The land to the side of the building is empty at the moment – awaiting development to turn it into a hotel. So far so good. But wait. There isn’t anything below, not even a lean to, a temporary shed or whatever for anyone to stand on and write stuff on that wall. It means the artist had to have help, undoubtedly he also enlisted the use of a ladder. Two lots of tags were painted here so a considerable amount of work was expedited. The second tag on the other wall was perhaps quickly done as an afterthought.
A view of the building in Bristol Source: Twitter
What is amazing is the site is right next to the tail end of a very busy motorway into Bristol (the M32) yet no-one saw the artist at work!
Helch has been busy in Camden too – here’s an example of his work at Chalk Farm….
Another previously not in the public domain – at Chalk Farm. Source: Twitter
Concerning the above image, it doesn’t look like Helch but it is, its just the four letters that make up that word. Starting with the first letter ‘H’ at the end, one then jumps to the last ‘E’ (at the beginning) then the next ‘L’ then its ‘C’ and again back to the ‘H.’ Which spells H-E-L-C-H!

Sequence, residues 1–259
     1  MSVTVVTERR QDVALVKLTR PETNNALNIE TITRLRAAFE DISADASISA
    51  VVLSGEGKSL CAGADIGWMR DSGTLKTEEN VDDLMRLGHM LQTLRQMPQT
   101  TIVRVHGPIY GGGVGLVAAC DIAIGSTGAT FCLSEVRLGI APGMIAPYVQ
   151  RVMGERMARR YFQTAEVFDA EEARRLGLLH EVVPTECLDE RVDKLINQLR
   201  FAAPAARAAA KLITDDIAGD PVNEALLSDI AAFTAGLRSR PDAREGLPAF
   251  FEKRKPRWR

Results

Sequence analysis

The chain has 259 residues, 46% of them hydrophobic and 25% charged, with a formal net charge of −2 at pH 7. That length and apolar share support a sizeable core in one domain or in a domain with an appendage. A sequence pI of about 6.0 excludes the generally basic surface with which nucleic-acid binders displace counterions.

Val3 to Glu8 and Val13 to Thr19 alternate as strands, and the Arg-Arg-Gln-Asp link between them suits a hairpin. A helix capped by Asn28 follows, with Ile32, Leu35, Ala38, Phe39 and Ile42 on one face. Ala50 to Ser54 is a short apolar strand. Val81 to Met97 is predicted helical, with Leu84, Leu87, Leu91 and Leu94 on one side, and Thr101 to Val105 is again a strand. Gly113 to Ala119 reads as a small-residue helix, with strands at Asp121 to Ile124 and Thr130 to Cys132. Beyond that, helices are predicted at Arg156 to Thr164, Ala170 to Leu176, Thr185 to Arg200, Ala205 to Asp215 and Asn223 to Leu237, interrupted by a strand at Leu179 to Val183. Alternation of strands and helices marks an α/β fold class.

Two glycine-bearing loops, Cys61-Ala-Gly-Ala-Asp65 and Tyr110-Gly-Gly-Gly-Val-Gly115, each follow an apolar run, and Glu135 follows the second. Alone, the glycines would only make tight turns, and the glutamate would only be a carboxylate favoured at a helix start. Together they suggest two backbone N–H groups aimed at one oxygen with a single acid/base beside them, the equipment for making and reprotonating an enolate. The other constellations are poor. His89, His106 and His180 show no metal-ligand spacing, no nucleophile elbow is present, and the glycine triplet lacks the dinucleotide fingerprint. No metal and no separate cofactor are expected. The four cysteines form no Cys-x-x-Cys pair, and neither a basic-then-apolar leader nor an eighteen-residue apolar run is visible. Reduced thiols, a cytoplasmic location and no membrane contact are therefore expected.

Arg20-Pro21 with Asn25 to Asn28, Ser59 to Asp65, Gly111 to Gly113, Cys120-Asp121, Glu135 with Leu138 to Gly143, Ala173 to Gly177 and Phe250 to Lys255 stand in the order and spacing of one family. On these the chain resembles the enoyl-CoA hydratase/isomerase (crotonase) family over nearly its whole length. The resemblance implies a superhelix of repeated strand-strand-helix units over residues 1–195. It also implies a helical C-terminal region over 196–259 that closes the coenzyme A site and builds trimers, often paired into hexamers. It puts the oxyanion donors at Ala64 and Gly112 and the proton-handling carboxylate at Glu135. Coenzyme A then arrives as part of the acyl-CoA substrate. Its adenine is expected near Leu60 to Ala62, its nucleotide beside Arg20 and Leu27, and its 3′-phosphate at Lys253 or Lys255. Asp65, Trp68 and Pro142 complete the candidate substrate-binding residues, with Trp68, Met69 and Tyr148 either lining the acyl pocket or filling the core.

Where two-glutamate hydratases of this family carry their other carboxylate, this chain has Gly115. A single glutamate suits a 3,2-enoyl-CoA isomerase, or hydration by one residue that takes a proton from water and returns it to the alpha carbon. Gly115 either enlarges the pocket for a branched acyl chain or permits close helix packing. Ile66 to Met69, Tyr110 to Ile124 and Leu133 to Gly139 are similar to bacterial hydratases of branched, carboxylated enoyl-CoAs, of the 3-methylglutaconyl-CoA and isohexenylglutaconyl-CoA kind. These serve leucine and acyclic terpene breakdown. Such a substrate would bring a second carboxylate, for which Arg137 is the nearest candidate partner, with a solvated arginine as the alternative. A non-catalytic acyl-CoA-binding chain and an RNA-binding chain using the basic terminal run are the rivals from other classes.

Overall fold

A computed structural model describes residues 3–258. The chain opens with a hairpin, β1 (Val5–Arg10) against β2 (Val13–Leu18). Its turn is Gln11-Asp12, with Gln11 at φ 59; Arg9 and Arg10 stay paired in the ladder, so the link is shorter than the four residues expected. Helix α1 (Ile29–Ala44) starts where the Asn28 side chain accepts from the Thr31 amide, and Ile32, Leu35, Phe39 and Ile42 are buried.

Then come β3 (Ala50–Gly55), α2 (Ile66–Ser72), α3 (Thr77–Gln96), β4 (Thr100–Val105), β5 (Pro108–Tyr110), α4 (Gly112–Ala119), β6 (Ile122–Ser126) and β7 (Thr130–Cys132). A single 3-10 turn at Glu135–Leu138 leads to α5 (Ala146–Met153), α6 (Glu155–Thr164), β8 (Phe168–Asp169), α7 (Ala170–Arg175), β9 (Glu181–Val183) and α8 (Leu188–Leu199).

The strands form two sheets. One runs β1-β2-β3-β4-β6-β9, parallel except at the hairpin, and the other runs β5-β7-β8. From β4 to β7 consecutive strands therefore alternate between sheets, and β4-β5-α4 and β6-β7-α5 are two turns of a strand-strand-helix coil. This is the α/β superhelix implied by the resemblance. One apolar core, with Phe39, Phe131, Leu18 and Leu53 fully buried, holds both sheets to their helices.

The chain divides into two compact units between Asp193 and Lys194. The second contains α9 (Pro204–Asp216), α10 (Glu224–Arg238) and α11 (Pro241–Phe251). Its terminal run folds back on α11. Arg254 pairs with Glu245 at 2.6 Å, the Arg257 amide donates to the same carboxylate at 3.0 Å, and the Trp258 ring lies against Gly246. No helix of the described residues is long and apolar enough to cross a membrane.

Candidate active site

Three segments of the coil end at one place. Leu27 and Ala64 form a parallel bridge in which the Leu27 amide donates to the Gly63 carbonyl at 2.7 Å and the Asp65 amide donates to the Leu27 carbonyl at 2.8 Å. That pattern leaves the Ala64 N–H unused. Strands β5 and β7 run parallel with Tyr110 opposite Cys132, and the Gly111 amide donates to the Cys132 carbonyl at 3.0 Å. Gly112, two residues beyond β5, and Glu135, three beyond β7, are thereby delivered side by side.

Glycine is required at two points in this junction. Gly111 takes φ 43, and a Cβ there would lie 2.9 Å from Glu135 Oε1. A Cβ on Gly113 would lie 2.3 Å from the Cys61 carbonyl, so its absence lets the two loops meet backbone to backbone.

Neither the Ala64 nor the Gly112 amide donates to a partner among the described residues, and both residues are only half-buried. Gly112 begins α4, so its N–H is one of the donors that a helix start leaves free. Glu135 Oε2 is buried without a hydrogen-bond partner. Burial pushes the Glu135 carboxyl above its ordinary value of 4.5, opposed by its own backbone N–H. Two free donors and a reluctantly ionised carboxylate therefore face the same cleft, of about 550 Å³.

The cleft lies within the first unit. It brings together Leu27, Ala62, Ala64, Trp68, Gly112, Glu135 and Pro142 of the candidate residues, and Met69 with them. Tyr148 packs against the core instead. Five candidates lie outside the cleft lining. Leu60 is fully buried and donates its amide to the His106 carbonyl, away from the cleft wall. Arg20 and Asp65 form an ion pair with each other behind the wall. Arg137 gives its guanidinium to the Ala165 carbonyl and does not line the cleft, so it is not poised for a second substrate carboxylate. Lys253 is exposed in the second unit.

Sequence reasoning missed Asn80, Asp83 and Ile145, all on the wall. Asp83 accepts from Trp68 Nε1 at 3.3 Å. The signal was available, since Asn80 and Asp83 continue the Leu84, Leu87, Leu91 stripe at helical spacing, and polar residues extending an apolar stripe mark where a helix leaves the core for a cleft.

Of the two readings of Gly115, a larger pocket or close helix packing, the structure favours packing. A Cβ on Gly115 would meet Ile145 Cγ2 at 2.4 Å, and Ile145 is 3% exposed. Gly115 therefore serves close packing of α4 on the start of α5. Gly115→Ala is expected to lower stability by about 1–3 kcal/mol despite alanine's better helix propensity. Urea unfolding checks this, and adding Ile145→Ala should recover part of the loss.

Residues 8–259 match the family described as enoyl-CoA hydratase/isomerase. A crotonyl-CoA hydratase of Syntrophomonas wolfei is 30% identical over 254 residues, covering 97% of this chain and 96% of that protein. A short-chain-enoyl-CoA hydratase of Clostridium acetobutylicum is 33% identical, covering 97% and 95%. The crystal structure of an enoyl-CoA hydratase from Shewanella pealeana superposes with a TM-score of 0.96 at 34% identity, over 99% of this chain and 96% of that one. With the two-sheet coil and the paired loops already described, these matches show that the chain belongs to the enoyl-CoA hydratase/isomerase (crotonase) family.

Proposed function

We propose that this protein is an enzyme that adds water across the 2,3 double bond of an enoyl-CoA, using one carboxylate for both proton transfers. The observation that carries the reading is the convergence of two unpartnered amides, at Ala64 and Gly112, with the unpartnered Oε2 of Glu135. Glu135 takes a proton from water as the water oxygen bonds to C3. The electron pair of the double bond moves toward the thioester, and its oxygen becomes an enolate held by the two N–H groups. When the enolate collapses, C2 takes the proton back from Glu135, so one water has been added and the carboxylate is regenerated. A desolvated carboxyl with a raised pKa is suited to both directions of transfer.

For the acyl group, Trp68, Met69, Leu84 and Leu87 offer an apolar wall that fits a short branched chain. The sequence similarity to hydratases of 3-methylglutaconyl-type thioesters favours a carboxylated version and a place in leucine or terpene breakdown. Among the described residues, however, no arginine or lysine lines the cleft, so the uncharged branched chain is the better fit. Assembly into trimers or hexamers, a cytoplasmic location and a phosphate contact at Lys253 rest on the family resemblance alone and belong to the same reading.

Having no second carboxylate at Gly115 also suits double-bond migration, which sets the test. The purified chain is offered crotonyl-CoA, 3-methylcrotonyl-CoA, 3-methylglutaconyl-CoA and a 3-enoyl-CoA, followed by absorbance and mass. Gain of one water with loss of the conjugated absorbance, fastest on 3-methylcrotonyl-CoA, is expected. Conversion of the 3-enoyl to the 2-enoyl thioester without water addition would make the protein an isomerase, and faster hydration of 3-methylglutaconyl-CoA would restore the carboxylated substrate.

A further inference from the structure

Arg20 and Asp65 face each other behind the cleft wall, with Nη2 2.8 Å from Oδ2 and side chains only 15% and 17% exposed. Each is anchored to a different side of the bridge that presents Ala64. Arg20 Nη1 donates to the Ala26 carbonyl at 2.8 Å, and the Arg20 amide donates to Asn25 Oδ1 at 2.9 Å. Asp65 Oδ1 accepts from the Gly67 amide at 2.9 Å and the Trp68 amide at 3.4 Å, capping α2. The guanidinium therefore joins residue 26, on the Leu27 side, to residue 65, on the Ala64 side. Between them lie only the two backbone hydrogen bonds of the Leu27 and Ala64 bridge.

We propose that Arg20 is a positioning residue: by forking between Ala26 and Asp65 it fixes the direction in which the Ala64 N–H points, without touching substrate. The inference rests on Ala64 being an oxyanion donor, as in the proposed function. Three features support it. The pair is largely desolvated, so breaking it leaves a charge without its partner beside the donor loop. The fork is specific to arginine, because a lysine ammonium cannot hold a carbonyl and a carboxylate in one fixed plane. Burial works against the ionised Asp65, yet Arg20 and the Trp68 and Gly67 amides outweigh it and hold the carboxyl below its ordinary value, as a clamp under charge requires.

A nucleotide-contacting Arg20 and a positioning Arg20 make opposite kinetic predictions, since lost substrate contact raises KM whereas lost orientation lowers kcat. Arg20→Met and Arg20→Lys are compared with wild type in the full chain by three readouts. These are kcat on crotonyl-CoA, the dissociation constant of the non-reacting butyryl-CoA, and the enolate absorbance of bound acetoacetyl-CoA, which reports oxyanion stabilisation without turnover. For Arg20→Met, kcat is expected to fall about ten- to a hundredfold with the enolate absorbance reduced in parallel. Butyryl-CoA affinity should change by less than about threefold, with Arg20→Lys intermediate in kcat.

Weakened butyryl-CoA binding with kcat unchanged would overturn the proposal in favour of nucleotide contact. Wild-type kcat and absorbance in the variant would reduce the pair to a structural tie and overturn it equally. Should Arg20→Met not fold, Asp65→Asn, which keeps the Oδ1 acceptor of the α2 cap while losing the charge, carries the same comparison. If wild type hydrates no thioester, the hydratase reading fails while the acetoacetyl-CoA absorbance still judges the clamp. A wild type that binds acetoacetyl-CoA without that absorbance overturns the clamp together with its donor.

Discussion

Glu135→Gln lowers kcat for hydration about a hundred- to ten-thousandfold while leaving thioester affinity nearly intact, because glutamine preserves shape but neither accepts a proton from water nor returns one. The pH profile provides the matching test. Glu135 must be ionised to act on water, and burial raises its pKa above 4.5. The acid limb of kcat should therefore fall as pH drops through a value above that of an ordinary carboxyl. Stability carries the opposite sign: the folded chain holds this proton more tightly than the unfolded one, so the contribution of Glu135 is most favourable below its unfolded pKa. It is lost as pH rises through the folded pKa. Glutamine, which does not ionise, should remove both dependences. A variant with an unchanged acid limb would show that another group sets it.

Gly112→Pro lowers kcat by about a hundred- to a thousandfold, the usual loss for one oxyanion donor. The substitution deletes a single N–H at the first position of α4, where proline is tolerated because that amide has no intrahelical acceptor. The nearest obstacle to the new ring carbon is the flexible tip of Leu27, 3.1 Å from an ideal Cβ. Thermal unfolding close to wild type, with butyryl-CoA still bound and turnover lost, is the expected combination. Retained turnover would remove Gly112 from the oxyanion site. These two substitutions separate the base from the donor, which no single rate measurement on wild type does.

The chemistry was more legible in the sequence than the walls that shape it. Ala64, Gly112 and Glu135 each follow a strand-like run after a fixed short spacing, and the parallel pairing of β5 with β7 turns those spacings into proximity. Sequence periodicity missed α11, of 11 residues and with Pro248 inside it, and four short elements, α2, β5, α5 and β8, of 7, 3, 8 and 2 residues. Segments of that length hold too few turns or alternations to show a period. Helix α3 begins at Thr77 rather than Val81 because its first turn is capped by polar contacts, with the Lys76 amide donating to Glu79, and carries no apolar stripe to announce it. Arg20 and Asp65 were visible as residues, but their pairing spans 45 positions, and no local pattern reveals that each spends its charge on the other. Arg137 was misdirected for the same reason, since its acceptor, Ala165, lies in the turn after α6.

The addition of ‘MAN’ is a new one – perhaps with this latest do the artist is changing tack? However this particular one has a great annoyance to bear. The reason is there was a ghost sign on this building. Its been obliterated and its not the first such attempt. Is this artist simply going to destroy more ghost signs? I hope not.
I’m surprised the often up to date local newspaper, Camden New Journal, did not report on this attempt at spoiling some of Camden’s ghost signs.
Helch at Queen’s Park. Source: Tomato
The Helch seen at Queens Park is on the side of a building in Claremont Road. If its still there it’ll just be visible from Claremeont Road. A better view would be afforded from either a London Overground or a Bakerloo Line train. The platform (with a rough Helch on its fence) belongs to the out of use main line station – no trains have stopped here since 2013!